Can you “make” luck, or must you be content with waiting for it to happen? And why does this matter to nonprofit marketers and managers?
Let me start with the latter. Most of the biggest marketing breakthroughs are just that … breakthroughs. They happen because someone applies gut instinct against the grain. Not shooting from the hip, but often relying on imperfect information. They gamble and get lucky. No guts, no glory.
I'm firmly in the camp that believes luck “happens” much more to those who stack the deck in their favor. How do they do it? Mostly it boils down to adopting three habits:
1. Lift your head up — if you keep your head buried in the weeds all the time, opportunities — good fortune shall we say? — will pass you by. Make time to take in the bigger picture. Imagine the longer term.
2. Broaden your horizon — head up is good, but not enough. You also need to expose yourself to entirely “foreign” ideas, patterns, perspectives from which you can import fresh insights and provoke new questions. Pursue an interest or two that require markedly different mental approaches and pools of information.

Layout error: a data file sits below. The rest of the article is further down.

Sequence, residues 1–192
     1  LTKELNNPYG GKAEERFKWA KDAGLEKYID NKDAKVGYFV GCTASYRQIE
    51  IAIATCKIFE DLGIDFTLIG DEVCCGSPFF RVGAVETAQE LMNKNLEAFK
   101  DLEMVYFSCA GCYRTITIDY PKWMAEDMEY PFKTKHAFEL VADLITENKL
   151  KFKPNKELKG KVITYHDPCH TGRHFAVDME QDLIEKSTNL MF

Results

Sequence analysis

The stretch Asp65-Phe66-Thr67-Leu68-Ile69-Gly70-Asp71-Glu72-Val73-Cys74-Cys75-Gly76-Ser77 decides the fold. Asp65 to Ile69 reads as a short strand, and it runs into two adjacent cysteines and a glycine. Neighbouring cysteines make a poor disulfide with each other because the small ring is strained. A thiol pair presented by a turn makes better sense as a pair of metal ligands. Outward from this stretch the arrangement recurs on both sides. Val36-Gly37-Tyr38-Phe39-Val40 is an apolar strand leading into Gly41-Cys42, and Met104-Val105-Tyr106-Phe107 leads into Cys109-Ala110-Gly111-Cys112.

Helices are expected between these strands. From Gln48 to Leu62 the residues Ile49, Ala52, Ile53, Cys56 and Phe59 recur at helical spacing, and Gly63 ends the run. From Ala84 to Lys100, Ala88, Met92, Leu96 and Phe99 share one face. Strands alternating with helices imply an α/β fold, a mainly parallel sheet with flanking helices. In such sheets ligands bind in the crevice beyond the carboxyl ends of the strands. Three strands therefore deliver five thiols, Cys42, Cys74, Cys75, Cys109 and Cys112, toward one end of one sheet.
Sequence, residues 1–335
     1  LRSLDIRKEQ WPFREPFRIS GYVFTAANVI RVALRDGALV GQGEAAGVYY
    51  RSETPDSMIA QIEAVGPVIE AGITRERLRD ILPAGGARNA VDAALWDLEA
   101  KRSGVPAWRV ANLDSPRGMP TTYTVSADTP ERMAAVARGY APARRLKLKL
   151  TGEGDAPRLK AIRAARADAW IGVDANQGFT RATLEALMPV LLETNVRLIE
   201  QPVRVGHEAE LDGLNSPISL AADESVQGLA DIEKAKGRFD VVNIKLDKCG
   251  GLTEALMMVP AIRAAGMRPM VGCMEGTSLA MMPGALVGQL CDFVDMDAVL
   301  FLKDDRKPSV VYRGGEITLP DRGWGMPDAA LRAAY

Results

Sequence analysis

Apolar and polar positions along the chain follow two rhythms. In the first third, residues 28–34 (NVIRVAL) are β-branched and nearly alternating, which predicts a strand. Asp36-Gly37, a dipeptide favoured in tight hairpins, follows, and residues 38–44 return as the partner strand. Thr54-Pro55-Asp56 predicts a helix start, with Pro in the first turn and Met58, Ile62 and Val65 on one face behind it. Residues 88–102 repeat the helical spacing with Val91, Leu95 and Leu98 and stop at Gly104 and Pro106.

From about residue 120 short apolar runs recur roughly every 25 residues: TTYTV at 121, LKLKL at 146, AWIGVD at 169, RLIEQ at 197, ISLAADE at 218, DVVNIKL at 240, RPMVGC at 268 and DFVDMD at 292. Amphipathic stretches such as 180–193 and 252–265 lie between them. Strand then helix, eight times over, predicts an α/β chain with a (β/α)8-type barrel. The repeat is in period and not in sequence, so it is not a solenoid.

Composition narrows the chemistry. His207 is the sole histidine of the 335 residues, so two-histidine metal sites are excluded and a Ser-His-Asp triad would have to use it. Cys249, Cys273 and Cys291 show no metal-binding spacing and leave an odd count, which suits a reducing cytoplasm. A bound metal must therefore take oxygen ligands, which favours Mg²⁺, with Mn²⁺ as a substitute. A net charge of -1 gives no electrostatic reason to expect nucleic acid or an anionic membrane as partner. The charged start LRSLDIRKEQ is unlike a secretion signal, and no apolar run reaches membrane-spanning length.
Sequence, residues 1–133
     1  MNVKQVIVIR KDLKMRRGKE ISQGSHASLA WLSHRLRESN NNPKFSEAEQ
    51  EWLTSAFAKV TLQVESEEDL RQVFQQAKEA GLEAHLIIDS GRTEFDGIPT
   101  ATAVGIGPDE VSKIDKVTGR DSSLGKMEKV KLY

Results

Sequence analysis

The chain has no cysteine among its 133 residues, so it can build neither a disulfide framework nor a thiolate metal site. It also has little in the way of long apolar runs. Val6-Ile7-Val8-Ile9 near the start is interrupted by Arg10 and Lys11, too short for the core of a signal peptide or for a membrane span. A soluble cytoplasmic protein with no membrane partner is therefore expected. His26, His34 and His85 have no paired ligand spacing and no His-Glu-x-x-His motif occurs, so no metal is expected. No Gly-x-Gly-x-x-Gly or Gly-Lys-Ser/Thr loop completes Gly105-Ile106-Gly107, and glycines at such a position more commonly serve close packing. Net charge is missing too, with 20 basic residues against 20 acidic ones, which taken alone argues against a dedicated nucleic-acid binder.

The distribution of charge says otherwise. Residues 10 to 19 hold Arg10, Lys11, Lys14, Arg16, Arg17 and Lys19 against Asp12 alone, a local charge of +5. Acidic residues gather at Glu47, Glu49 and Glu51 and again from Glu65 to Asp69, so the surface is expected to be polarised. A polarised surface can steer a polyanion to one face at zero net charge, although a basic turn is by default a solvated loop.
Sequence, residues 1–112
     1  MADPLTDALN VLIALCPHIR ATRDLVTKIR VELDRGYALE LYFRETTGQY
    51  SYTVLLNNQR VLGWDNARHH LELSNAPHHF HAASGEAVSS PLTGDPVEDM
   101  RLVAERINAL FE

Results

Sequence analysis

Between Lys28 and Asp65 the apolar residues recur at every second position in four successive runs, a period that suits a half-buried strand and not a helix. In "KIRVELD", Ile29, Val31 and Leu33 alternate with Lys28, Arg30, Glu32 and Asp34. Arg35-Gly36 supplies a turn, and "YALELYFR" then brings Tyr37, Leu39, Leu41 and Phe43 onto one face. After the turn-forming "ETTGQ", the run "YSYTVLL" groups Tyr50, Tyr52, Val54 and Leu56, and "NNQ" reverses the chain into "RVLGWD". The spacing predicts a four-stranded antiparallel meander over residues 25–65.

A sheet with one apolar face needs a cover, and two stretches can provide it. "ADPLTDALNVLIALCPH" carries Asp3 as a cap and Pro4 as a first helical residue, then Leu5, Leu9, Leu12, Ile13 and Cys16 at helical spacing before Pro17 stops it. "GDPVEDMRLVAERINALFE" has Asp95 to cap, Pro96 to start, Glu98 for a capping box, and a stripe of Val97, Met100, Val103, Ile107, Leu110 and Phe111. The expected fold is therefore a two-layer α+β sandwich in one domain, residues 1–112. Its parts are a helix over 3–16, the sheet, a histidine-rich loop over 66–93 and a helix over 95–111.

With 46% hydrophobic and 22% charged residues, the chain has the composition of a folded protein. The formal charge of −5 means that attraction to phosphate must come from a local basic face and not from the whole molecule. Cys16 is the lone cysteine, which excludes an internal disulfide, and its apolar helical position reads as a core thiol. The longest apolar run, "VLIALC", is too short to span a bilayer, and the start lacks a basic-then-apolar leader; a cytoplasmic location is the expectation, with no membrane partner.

3. Just do it — luck and flux are joined at the hip. You need to set things in motion, not stand by and wait. After all, luck is an interruption of the status quo.
You don't need to buy this counsel from me (though I'll stack my luck up against anybody's). Here's the advice of two guys who've been extremely “lucky” over and over (at least judging by their remarkable standing in the marketing & organizational consulting worlds).
From perhaps the biggest name in management consulting, Tom Peters, here are no less than fifty strategies for finding luck. Three of my favorites: “Ready. Fire. Aim!” And: “Avoid moderation in all things.” And yes: “Race yaks.”
From direct marketer extraordinaire, Denny Hatch, this riff called Tunnel Visionaries on fostering “serendipity” (luck's twin). Denny cites this observation: “Serendipity is looking in a haystack for a needle and discovering a farmer's daughter.”
He calls that “serendipity” … I call it “getting lucky.”
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